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EDITORIAL: Vegas Golden Knights go down after San Jose flurry

Suffice it to say that few professional sports franchises in history have created more memorable moments in their formative years than the Vegas Golden Knights. Both for better and worse.

Tuesday night’s third-period collapse falls in the latter category.

Skating in a deciding Game 7 on the road against the San Jose Sharks, the Golden Knights seemed firmly in control when Max Pacioretty’s goal less than four minutes into the third period gave them a 3-0 advantage. Excuse Golden Knight fans if they sensed the same magic that propelled Vegas to the Stanley Cup Finals last season as a first-year expansion team. Losing a three-goal lead late in a Game 7? Doesn’t happen — unless you’re the 2013 Toronto Maple Leafs.

And then came the faceoff.

With less than 11 minutes remaining following a dropped puck in the Golden Knights’ zone, Paul Stastny appeared to shove Sharks’ center Joe Pavelski as he was falling after being cross-checked. The Shark captain’s head hit the ice, and he lay motionless near drops of blood. After he was helped to the locker room, the Golden Knights were stuck with a five-minute major, meaning they would play a man down for the entire penalty.

The resulting flurry “will be talked about for decades to come,” Review-Journal columnist Ed Graney noted Wednesday, “and not in a flattering manner.”

In a span of four minutes, the invigorated Sharks found the back of the net four times to take the lead. The reeling Golden Knights managed to send the game into overtime with a late tally, but the season came to an abrupt end with less than two minutes left in the extra period when Barclay Goodrow slipped the puck past Marc-Andre Fleury for the win.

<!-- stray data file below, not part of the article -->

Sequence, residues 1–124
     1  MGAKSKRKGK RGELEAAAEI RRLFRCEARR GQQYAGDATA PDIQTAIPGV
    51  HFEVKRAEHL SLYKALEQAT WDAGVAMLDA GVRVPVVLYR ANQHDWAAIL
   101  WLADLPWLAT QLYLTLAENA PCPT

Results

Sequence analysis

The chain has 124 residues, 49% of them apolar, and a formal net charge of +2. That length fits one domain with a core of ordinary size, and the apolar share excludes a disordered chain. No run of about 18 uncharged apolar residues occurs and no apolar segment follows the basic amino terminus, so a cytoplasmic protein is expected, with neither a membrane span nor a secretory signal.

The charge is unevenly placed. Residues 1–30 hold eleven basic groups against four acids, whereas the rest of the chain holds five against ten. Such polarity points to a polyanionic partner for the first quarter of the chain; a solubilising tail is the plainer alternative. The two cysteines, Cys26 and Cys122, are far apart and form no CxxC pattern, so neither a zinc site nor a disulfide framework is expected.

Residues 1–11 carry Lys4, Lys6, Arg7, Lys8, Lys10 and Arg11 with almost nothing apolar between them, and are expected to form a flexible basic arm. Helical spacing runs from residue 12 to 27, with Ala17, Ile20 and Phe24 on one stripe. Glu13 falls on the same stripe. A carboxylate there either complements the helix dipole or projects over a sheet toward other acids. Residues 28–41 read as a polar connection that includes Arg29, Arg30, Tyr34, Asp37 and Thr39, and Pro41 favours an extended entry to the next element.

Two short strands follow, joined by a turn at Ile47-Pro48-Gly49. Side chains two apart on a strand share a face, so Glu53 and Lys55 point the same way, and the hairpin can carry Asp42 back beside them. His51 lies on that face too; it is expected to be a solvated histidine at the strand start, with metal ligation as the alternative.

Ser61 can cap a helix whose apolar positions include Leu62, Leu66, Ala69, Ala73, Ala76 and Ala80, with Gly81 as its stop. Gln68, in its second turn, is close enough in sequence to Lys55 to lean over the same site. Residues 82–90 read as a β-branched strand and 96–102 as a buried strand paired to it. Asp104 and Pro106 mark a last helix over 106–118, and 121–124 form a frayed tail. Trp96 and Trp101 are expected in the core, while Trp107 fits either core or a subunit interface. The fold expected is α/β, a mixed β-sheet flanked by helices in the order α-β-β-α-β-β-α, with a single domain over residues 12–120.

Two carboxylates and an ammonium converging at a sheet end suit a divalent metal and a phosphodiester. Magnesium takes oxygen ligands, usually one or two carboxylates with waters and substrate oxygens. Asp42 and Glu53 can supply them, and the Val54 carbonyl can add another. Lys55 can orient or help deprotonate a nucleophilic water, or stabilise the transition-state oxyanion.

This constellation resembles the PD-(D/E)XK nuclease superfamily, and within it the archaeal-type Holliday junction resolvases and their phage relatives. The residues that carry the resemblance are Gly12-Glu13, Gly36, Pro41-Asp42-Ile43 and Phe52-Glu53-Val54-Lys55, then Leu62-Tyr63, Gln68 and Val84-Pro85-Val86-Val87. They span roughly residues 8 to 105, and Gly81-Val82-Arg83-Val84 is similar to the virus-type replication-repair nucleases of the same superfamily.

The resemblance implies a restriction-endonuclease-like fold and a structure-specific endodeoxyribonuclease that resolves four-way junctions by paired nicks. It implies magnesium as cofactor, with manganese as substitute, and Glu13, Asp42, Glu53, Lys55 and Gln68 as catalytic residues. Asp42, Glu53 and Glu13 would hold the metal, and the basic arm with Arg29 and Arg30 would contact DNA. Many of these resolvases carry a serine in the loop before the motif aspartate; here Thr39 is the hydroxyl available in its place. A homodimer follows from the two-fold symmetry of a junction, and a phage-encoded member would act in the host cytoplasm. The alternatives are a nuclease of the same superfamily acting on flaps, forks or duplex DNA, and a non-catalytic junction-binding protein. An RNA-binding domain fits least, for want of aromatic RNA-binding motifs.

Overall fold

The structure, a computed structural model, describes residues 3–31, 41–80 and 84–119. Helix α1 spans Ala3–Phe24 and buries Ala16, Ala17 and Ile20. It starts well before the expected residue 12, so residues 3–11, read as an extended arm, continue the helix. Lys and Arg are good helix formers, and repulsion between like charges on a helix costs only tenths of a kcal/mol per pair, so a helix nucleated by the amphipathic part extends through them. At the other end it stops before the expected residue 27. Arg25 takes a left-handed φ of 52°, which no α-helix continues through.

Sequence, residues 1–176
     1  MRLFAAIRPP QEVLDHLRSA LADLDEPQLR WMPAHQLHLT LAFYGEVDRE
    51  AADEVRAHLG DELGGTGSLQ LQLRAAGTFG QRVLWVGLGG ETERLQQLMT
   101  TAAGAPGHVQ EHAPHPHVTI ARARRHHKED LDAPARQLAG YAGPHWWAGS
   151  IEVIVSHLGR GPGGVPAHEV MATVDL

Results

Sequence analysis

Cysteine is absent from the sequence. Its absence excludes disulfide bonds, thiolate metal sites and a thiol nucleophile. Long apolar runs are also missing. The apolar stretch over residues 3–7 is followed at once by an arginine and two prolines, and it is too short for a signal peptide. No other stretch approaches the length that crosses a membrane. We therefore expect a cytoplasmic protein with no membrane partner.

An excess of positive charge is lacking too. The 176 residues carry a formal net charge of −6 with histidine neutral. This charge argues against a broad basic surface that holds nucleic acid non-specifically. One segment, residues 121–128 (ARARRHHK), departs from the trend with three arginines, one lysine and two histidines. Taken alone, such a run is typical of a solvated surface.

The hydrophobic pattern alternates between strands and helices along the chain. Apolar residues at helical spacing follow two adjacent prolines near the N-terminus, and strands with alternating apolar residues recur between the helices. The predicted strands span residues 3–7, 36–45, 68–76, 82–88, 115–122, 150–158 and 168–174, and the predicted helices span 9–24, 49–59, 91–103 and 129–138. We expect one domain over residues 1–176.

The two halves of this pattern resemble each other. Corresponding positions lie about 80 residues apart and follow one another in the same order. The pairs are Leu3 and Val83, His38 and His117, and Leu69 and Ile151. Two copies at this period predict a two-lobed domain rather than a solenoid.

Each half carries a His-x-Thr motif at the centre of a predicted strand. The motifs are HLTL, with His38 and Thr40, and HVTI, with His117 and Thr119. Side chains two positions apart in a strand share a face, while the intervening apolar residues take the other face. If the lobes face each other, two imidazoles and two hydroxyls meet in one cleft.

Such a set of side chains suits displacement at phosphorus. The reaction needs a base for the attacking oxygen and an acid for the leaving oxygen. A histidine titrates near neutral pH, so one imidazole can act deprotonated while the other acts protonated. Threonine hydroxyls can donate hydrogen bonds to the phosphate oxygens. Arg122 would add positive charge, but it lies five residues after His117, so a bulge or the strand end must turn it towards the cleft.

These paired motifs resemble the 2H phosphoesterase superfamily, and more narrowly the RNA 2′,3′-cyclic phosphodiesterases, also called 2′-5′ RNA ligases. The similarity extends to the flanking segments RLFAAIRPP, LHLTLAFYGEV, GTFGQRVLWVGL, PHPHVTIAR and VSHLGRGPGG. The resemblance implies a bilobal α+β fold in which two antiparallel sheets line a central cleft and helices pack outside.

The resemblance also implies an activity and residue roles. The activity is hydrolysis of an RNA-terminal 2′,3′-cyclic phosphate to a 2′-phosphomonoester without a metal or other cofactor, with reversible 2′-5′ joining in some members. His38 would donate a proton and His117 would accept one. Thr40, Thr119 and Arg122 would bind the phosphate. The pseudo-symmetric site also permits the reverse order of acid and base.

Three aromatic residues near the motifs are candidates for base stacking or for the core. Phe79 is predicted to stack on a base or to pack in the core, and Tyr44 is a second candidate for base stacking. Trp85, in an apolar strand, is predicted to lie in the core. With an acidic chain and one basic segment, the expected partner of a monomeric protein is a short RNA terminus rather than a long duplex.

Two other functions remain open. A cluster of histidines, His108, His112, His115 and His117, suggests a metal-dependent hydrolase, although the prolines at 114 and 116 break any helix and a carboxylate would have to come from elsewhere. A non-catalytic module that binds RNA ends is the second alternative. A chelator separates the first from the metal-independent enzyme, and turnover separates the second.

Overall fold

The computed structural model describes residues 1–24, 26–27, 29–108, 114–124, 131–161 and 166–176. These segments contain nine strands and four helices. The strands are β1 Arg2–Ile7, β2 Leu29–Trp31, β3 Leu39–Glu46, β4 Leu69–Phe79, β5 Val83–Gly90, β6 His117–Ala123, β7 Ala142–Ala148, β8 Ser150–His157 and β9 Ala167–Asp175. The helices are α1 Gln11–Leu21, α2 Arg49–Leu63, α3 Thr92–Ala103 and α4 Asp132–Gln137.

Game. Series. Season.

“Last year in the Stanley Cup Finals was tough to lose,” Golden Knights coach Gerard Gallant said late Tuesday. “Tonight was tougher than that. It really was the way we lost the hockey game.”

The temptation for Vegas fans will be to point the finger at the officiating. Indeed, some impartial analysts felt the major penalty was overkill. We’ll let the talking heads and the NHL decide. But let’s not ignore the complete disintegration of the Golden Knights’ penalty kill.

The season may be in the books, but the Vegas Golden Knights continue to build an impressive — if brief — resume. Several observers predicted the team would take a step backward following its unprecedented success last season. But the Golden Knights showed character and resiliency by weathering a few regular season hurdles, again earning a playoff berth and nearly pulling off an upset in the first round.

The franchise continues to be a uniting force for Southern Nevada and an unyielding symbol of community pride and progress. Las Vegas is lucky to have them. The future remains bright.

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